How Forest Management and Climate Change Affect the Carbon Sequestration of a Norway Spruce Stand?(<Special Issue>Multipurpose Forest Management) How Forest Management and Climate Change Affect the Carbon Sequestration of a Norway Spruce Stand?(<Special Issue>Multipurpose Forest Management)

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Mitigation of climate change by forest carbon sequestration is one of the ecosystem services that will be taken into account in future forest planning. The potential capacity of forests to sequester carbon is determined by edaphic and climatic factors, but the actual carbon accumulation is highly controlled by management. The effects of the management practices on stand development are successfully analyzed with traditional stand simulators that rely on empirical data. One of the current challenges is to understand how ecosystem services, such as carbon sequestration and timber production, can be managed in the changing climate, i.e. under conditions of which there are no observations. The objective of this study was to investigate the responses of forest soil and vegetation to a climate change under different management scenarios ranging from intensive thinning to unmanaged stands. The responses of tree growth and forest carbon sequestration to changes in temperature and precipitation (+3℃ and +10%, respectively) under different management scenarios were investigated with a process-based forest model (PipeQual) which was combined to a soil decomposition model (ROMUL) and a soil water balance model. According to our simulations, the growth response of Norway spruce to increased temperature was positive. Carbon stocks of both vegetation and soil were increased with the changing climate in all the simulated management scenarios. In the changing climate decomposition of soil organic matter was accelerated, however, increased litter input resulting from enhanced growth of vegetation compensated this decrease. Intensively harvested stands had a decreased carbon stock in the vegetation, which resulted in low litter production and decline in soil carbon stock after thinnings. The simulations with the process-based forest growth and soil model can guide management by determining a sustainable level of biomass harvest.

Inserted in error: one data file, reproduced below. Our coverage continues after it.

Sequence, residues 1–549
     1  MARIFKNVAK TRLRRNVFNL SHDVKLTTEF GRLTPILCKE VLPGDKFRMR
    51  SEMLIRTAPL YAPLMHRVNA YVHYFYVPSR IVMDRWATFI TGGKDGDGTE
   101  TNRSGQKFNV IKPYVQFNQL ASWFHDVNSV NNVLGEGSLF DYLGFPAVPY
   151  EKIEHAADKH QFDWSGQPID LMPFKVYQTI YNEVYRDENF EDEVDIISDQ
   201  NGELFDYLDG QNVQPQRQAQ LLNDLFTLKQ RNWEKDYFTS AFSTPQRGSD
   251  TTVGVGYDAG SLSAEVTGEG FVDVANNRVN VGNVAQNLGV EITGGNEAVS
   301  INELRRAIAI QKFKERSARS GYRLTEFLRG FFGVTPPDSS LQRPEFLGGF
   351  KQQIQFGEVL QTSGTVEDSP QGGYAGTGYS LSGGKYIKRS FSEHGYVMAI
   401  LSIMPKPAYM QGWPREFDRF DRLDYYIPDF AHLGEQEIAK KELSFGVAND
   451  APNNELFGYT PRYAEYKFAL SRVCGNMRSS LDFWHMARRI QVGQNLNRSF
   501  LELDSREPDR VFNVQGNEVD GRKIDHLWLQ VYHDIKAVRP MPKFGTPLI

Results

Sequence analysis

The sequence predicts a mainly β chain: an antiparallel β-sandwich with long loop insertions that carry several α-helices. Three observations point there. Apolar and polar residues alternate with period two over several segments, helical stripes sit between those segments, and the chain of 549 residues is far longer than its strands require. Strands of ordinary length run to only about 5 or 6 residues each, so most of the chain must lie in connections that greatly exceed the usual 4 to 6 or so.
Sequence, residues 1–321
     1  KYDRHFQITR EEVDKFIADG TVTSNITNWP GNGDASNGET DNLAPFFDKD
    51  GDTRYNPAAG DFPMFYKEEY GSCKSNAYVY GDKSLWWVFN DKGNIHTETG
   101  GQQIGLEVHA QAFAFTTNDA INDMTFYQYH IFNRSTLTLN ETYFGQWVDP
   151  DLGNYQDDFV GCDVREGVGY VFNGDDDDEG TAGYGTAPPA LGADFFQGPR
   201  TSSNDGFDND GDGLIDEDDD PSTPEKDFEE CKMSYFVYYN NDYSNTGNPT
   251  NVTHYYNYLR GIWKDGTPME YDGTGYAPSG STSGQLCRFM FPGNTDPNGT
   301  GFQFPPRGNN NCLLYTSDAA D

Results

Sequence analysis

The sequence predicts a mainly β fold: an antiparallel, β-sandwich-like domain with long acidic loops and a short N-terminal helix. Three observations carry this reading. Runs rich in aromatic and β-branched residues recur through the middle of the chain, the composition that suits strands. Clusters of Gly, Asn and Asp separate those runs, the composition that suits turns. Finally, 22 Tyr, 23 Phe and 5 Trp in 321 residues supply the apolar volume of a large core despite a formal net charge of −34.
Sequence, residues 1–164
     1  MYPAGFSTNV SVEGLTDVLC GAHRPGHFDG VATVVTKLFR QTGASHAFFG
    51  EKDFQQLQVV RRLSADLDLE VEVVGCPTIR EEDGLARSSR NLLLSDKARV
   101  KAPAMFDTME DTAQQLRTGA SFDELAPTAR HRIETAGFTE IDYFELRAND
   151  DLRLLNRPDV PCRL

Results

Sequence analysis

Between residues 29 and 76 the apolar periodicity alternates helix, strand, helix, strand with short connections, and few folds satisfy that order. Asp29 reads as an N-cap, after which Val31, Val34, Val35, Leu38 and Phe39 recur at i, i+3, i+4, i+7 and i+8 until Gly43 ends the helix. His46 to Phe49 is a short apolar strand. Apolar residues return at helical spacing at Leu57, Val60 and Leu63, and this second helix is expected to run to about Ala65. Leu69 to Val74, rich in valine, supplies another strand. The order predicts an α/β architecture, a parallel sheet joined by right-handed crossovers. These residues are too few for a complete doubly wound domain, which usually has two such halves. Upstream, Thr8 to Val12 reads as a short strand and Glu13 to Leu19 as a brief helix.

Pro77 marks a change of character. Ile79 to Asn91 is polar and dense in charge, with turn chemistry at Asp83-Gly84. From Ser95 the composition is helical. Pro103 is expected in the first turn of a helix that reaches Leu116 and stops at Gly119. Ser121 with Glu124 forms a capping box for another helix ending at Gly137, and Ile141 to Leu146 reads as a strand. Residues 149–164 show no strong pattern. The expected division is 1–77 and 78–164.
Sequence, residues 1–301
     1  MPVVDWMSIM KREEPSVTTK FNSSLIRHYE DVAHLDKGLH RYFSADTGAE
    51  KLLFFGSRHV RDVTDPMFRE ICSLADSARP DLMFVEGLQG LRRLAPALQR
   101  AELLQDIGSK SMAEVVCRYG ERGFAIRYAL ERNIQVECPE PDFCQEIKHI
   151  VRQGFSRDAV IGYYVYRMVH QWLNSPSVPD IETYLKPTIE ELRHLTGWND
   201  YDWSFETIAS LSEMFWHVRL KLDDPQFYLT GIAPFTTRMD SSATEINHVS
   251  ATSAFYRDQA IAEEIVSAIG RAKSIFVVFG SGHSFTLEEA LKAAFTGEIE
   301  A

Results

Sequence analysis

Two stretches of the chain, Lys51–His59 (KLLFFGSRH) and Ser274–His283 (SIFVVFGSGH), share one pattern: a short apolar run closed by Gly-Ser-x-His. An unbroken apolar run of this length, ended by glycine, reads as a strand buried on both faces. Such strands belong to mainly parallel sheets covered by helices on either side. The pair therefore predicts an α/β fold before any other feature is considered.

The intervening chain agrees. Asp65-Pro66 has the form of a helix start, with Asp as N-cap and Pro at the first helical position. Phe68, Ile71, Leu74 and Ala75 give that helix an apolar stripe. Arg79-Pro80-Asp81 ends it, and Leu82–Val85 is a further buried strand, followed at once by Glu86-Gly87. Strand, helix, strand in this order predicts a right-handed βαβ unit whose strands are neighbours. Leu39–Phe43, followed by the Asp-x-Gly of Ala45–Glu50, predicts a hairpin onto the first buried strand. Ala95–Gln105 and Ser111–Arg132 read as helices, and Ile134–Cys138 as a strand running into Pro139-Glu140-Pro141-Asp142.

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  • Journal of Forest Planning

    Journal of Forest Planning 16(Special_Issue), 107-120, 2011

    森林計画学会

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